In the end, the business decided that directly running a childcare centre was too high a risk for them, but began implementing one of Barbara’s back-up ideas immediately – allowing staff to opt out of some benefits and receive the money to put towards childcare instead. ‘Of course I’m disappointed,’ admitted Barbara, ‘but I’m proud of myself too. And if I had a different idea I’d go through the Idea Factory again – although I’d still be terrified of presenting!’

John Coleman acknowledged the extent of the work people had put in. ‘We spent more time afterwards feeding back to those whose ideas were rejected than with those whose ideas won. We wanted to explain our thinking and decision-making completely openly because we felt that showed the most respect. We also talked about other possible options to deal with the problem they’d identified.’

‘In the end,’ John went on, ‘we are sending a very clear message that innovation is everyone’s responsibility. The Idea Factory is just a vehicle for that, but it’s a useful one. It offers a timetable that provides a sense of purpose and urgency. It offers structured support and help – and then it provides clarity on when new work will flow into the roadmap.

‘Microgaming has always been about innovation in our software and products. I think what the Idea Factory helps emphasise is that we can all be innovative – in finance, in system support, in compliance and that we can all feed in to one another’s areas. I expect that’s been challenging for some people, but the pace of change across the industry will only accelerate. We cannot meet those challenges unless we are all innovators.’

About the Interviewee

Helen Walton is the co-founder and CCO of Gamevy – an i-gaming software company, which has no bosses and a radical approach to how it is run. She has worked in marketing for many years, launching brands for Unilever, Boots, PZ Cussons and others. She has written on many subjects, especially Agile as the writer on the VFQ series, which now forms the BCS Agile Practitioner qualification. She is also the co-founder of Spark the Change.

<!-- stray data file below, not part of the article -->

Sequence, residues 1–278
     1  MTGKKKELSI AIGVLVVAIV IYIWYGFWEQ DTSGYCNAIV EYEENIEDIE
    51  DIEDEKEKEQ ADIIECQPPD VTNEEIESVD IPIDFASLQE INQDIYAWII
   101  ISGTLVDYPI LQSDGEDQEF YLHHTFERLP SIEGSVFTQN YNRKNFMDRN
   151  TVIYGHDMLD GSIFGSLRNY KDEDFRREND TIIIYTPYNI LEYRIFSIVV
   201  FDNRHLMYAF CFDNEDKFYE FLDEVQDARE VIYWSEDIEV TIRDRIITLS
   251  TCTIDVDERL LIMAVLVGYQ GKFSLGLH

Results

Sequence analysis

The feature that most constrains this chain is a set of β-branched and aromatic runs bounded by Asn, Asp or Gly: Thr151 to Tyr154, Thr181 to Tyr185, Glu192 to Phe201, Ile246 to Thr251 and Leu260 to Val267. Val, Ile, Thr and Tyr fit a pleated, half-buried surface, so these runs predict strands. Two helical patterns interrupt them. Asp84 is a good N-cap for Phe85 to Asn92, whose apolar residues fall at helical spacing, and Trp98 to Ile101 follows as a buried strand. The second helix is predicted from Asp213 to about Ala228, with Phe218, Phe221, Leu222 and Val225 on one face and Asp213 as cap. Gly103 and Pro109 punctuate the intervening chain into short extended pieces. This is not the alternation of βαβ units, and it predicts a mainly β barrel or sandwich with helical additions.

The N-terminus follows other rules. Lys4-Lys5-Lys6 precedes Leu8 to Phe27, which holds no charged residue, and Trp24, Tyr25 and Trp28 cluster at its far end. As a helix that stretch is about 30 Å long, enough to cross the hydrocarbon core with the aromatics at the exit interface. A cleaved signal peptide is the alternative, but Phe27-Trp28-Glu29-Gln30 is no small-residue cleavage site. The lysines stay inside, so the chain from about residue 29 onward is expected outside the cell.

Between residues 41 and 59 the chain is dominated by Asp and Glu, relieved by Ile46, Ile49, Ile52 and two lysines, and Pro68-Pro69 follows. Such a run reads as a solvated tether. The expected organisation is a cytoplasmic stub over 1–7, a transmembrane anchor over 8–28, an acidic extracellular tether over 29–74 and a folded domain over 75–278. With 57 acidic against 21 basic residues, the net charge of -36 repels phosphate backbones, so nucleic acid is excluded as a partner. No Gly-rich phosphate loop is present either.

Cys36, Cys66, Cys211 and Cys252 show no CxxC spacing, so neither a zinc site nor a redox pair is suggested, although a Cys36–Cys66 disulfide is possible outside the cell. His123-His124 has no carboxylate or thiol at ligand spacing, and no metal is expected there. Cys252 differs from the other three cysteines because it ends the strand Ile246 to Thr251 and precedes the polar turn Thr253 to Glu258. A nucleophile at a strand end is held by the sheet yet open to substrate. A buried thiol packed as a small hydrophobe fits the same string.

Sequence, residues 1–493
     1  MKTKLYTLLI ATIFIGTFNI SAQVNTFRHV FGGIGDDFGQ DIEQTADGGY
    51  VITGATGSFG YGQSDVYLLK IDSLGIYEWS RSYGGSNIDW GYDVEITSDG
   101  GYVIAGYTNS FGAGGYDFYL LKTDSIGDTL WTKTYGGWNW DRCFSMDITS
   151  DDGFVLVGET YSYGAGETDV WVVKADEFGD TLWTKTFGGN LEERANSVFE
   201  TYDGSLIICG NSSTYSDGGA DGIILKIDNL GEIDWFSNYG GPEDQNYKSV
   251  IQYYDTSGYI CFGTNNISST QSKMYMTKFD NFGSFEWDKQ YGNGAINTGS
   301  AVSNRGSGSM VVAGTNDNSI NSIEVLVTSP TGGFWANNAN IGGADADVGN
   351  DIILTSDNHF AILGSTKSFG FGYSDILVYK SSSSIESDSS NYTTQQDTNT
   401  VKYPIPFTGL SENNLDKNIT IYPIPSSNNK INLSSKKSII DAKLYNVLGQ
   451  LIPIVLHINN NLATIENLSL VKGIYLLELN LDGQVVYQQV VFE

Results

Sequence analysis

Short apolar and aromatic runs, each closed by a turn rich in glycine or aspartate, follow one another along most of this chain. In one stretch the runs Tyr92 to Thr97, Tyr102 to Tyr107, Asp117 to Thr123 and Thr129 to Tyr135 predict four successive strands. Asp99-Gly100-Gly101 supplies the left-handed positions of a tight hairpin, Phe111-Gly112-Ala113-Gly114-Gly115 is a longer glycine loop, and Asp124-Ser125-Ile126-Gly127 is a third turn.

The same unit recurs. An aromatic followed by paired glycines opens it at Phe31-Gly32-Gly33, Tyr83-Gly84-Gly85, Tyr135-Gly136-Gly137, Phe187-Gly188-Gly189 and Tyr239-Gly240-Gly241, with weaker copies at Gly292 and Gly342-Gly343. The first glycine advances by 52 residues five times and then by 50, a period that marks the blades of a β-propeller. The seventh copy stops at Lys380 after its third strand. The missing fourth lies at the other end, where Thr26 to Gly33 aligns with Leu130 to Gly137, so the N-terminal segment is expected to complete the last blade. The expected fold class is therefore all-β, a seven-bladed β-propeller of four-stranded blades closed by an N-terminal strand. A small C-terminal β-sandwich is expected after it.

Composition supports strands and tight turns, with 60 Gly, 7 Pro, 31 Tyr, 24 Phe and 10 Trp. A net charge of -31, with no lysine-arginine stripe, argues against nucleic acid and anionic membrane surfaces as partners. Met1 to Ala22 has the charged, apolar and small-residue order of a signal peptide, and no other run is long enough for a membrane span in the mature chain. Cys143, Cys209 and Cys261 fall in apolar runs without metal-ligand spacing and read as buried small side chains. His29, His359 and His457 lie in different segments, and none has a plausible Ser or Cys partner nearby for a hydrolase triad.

Spark the Change is a global movement dedicated to a radical approach to empowering people and building happier workplaces. It runs events in London, Toronto, Melbourne, Montreal, Amsterdam and Paris. The Spark Award celebrates organisations who are experimenting with ways of working differently or who epitomise a radical approach to working practices in their culture. Previous winners include GCHQ and Places for People. This year, the Spark Award is sponsored by HotelBeds. For more details of the next event, contact lsmit@wemanity.com or tweet us @sparkthechange.

Rate this Article

Adoption Stage
Style

Hello stranger!

You need to Register an InfoQ account or or login to post comments. But there's so much more behind being registered.

Get the most out of the InfoQ experience.

Tell us what you think

Allowed html: a,b,br,blockquote,i,li,pre,u,ul,p

Email me replies to any of my messages in this thread
Community comments

Allowed html: a,b,br,blockquote,i,li,pre,u,ul,p

Email me replies to any of my messages in this thread

Allowed html: a,b,br,blockquote,i,li,pre,u,ul,p

Email me replies to any of my messages in this thread

Discuss
BT